Your Extension Experts
Entomology; extension insect identification; fire ants; termites; insect pests in the home, lawn and
May 19, 2015
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April 24, 2015
March 3, 2015
14 September 1994
Volume 2: no. 9
I think there have been more insects flying and crawling around in the last few days than I have seen in a long time. If you have procrastinated all summer about collecting insects, do so no longer. Night hunts around lights are especially good. Moths, beetles, all sorts of grasshoppers, and other interesting critters are readily available. You will even see an occasional Giant Waterbug or other `scarce' bug. Dragonflies are more numerous and easier to catch these days too. We mentioned a `Preying Mantis' hunt in the spring, but it did not materialize, though I have seen some beautiful Mantids in the last few days. They are out there on the flowers and green bushes if you will only look. They make neat pets when held in a screened cage. Feed them crickets or moths or almost any other insect. The females will reward you with a nice large egg case which can be held over until next spring to see all the `baby mantises' arrive.
We have had a number of outstanding workshops during the late summer and beginning of school. These are really enjoyable to me and I appreciate getting to work with people interested in entomology. Many of the young people with whom we have worked will be able to show their insect collections in the various fairs and show days that we have in the fall. Please remember to follow the pinning and label instructions as closely as possible. Insect pins are a must for any good insect collection. They are available through most extension offices or at University Book Stores. You can order them direct from the Y.E.S. - Young Entomologist's Society or IANNI Butterfly Supply (addresses below). Many of the biology/science teachers have assigned insect collections to their students. Early fall is the best time to collect and is an ideal time for such an assignment. Identification is always a sticky problem for young people (and their parents). Remember that it is almost impossible for a novice to identify insects to genus and species. 4-H rules require identification to Order and common name.
There are a number of useful references which can be used to help with insect identification:
*** THE PETERSON FIELD GUIDE SERIES: A FIELD GUIDE TO THE INSECTS OF NORTH AMERICA...by Donald J. Borror and R.E. White
** THE AUDUBON SOCIETY FIELD GUIDE TO NORTH AMERICAN INSECTS AND SPIDERS
* THE AUDUBON SOCIETY FIELD GUIDE TO NORTH AMERICAN BUTTERFLIES
* A GOLDEN GUIDE TO BUTTERFLIES AND MOTHS
I suggest that you use the Peterson series book . In paperback it is usually available at most good book stores for about $10.00. The plates in this book are excellent and easy to use. The Audubon books are a little more expensive (less than $20.00) and have beautiful plates which are very helpful. The Golden Guide is a small book , less than $5.00, which is surprisingly good. Encyclopedias and other reference sets are also helpful at times.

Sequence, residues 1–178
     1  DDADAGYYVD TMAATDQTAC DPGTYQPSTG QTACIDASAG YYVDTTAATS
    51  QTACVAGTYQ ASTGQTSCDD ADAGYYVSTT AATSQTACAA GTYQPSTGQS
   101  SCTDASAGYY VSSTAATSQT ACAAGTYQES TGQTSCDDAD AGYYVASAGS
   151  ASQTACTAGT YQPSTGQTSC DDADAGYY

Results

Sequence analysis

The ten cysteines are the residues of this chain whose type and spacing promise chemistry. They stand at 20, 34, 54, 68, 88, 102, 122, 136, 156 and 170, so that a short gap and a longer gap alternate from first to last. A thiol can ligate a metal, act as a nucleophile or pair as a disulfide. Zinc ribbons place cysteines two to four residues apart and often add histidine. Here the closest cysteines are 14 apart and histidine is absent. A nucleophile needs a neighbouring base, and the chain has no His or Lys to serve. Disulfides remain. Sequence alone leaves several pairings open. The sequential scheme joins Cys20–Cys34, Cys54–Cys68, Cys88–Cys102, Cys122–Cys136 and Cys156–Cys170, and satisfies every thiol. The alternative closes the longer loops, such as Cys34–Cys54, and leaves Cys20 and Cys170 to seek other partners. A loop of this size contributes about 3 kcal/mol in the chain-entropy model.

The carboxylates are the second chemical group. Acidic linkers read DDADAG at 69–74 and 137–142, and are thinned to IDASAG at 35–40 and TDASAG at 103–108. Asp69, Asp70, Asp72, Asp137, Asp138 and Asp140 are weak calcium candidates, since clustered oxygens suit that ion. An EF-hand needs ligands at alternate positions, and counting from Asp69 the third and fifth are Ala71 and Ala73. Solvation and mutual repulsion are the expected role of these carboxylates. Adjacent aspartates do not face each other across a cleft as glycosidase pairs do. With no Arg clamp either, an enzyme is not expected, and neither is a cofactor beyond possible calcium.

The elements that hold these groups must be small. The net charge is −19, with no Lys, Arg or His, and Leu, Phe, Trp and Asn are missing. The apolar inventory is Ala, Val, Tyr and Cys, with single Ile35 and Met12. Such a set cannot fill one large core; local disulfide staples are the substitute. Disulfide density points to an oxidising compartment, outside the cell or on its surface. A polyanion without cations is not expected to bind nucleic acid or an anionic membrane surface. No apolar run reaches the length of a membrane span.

Full directions for making insect collections and other projects are available free to any who want them from any extension office. If your county office does not have the information, write to me and I will mail you a packet.
Attention Rock Eagle Delegates:
This is a reminder to those of you who will be coming to the Southern Volunteer Leaders Forum. Please bring insects to go in the Rock Eagle Insect Collection. You can also bring extra specimens to trade if you would like, especially if you have some `neat' ones. The Mississippi group will supply the box which will hold the collection, but we would like to have representative insects from all the participating states. You might get some 4-Hers to donate insects or catch them yourself. Butterflies and moths should be pinned and spread correctly. Beetles, bees and most other insects, except Lepidoptera, may be preserved in alcohol (preferably ethanol) and kept for pinning at the workshop. In any case, we will want to know correct date, locality and collector information for each insect. We have visited with Arch Smith about this project and he indicated that he thought that it might be very helpful for the campers during the annual camping sessions. I realize that this is repeating the August announcement, but I hope that it will serve as a reminder to each of you. If you aren't coming to Rock Eagle (shame) and want to participate, contact someone who is coming and send your insects by them.
Addresses for ordering Insect pins and other supplies:
IANNI Butterfly Enterprises Young Entomologists' Society
P. O. Box 81171
Cleveland, Ohio 44181
(216) 888-2310 or 9762
1915 Peggy Pl.
Lansing, MI 48910
IANNI Butterfly Enterprises
Young Entomologists' Society
P.S. Be sure and help us get the word out to the Rock Eagle Delegates!
Dr. Michael R. Williams
Entomology & Plant Pathology
Mississippi State, MS 39762-9775
phone - 601-325-2085
home - 601-323-5699
FAX - 601-325-8837